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Andean Glaciers Melting at Faster Rates, Says Study

Jan 24, 2013 08:17 AM EST
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A new study reveals that the glaciers of the Andes Mountains have shrunk by up to 70 percent since the 1970s.

Researchers from France and Bolivia examined the data of about half of all Andean glaciers and found that they are retreating at record rates in more than 300 years, owing to the rise in average temperatures. The average temperature has seen a rise of 1.26 degrees Fahrenheit (0.7 degree Celsius) in the last 70 years.

Climate change is causing the rapid decline of glaciers across the globe. In particular, the glaciers of the tropical Andes are reacting more rapidly to changes in climatic conditions than any other glaciers on Earth.

"Glacier retreat in the tropical Andes over the last three decades is unprecedented," said lead author Antoine Rabatel, a scientist with the Laboratory for Glaciology and Environmental Geophysics in Grenoble, France.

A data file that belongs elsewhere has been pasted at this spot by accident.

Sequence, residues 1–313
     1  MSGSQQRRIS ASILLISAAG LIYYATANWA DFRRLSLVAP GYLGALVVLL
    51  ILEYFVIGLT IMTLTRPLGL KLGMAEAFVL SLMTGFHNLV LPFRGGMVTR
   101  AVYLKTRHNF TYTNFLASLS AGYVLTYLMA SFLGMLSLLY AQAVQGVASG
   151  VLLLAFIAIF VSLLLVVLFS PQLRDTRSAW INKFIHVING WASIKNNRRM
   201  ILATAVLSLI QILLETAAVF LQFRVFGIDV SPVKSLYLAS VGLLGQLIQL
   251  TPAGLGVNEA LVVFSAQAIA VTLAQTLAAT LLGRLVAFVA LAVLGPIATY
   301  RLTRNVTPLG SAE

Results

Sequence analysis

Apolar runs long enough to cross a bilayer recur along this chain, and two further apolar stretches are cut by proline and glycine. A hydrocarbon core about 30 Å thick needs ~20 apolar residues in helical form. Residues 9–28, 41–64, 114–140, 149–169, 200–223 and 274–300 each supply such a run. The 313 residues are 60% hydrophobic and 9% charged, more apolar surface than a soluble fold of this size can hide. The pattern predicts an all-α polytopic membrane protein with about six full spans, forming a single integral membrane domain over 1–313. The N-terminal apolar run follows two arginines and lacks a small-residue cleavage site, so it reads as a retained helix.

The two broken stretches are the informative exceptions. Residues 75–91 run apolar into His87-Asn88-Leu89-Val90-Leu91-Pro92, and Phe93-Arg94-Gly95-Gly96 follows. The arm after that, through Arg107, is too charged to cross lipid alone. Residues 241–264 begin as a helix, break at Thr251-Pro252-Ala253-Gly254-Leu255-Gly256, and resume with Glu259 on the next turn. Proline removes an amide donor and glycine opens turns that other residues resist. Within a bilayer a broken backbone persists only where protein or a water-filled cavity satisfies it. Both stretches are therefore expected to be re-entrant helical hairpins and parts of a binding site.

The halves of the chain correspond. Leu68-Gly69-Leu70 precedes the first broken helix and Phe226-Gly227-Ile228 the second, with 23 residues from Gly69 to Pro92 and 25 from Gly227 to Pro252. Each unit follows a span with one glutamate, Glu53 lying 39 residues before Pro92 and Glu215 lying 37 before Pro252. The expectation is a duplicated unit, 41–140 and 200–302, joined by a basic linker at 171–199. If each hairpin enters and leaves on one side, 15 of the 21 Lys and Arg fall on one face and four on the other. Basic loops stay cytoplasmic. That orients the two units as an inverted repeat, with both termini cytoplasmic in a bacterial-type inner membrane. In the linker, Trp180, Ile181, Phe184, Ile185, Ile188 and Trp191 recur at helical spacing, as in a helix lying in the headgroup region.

According to the author's report, glaciers everywhere in the tropical Andes are retreating, but smaller glaciers are getting impacted more due to temperature rise. Smaller glaciers are melting twice the rate at which larger, high-altitude glaciers are retreating. Glaciers below 5,400m have already lost about 1.35m thickness every year since the late 1970s, reports BBC.

This could lead to the disappearance of small glaciers within the coming decades. According to scientists, some smaller glaciers such as the Chacaltaya glacier of Bolivia, which was once the world's highest ski resort, have already completely disappeared.

The Andean glaciers are the main source of water for tens of millions in South America. The melting of glaciers could affect all those inhabitants who rely on glacial water for agriculture, hydropower and domestic consumption.

The details of the study appear in the academic journal The Cryosphere.

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